Unilever already sells 700 vegan or vegetarian products via brands like Knorr, Hellmann’s and Ben & Jerry’s. The food giant cites a strategy of moving into healthier foods with a lower environmental impact. Former cattle farmer Jaap Korteweg, who set up The Vegetarian Butcher in 2007 after converting to vegetarianism, sees a “big transition from animal to vegetable meat” and aims to “make plant-based meat the standard.” The acquisition potentially takes his products into 190 countries. Unilever’s Nitin Paranjpe says they are “better positioned to meet the needs of consumers”.

In May 2018, Waitrose was the first UK supermarket to install dedicated vegan sections. It’s current range features more than 40 vegan or vegetarian ready meals, many featuring jackfruit, a surprisingly connvincing alternative to pulled pork. Frozen-food specialist Iceland followed suit in September, after noticing its own-brand No Bull burger was outselling the Wagyu beef equivalent. Head chef Neil Nugent, observing “we’ve not advertised it, it’s all been social media” suggests “it’s not necessarily about vegans. It’s about people flexing the diet and just choosing meat-free options a bit more”.

Supermarkets are also starting to label their own-brand products with vegans in mind. While one in six new UK products launched last year carried a vegan claim, when animal protection organisation Animal Aid lauched its 2016 #MarkItVegan campaign, only Sainsbury’s and the Co-op were highlighting them consistently. Asda, Morrisons, Aldi, M&S and Iceland have since committed to using either the legend ‘suitable for vegans’ or an appropriate a logo, with only Lidl, very vegan friendly in other ways, lagging behind. Campaigners point out that clear labelling not only helps vegans but shows non-vegans how many delicious options they would still have if they made the switch.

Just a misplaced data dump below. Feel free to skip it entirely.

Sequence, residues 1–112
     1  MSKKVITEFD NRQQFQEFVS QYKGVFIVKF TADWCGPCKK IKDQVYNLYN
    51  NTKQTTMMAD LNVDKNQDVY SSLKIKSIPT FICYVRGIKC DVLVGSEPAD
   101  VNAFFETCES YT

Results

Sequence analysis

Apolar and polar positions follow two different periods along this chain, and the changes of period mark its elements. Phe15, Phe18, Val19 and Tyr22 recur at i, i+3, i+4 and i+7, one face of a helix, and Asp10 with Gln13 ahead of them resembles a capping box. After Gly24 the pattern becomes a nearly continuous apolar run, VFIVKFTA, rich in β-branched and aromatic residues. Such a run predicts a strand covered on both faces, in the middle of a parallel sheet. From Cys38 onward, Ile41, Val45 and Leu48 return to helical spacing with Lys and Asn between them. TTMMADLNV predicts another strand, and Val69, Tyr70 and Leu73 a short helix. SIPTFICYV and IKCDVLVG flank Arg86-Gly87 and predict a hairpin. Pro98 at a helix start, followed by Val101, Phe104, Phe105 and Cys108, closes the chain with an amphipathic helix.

Vegan eating out is booming. The Good Food Guide began highlighting restaurants with dedicated vegan menus last year, and in September, pub chain Marstons announced plans to start selling the B12, British company Moving Mountains’s version of the vegan ‘bleeding burger’,  in 413 gastro-pubs.

In 2016, the  New York Times reported the closure of Elmhurst Dairy in Queens, because – in the words of CEO Henry Schwartz – “milk has sort of gone out of style”. He now runs a start-up making plant-based alternatives. A report by BB Foodservice wholesalers showed 33% growth in the number of people buying plant ‘milks’ in the last three years, to one-in-three households, and noted a growing preference for coffee shops offering a range of non-dairy ‘milks’.

Waitrose’s executive chef, Jonathan Moore, says: “There was a time when choosing a plant-based diet was about taking an ethical stand based on unwavering principles. For many, this distinction between vegetarians and meat-eaters still exists but for others the lines have blurred.”

In late 2017 Tesco’s Mike Sarno said: “There is a lot of stuff coming – it’s super exciting. It’s unavoidable, it’s just going to happen – whether you’re in the way and get run over, or are part of the ride.”

“We’ve seen vegan food go mainstream” confirms Natalie Mitchell, Waitrose’s head of brand development. “Whether cooking at home, buying prepared food or trying the newly vegan-friendly restaurants, people are discovering that it tastes amazing.”

Download the new VeGuide vegan app at which is available in UK and US versions.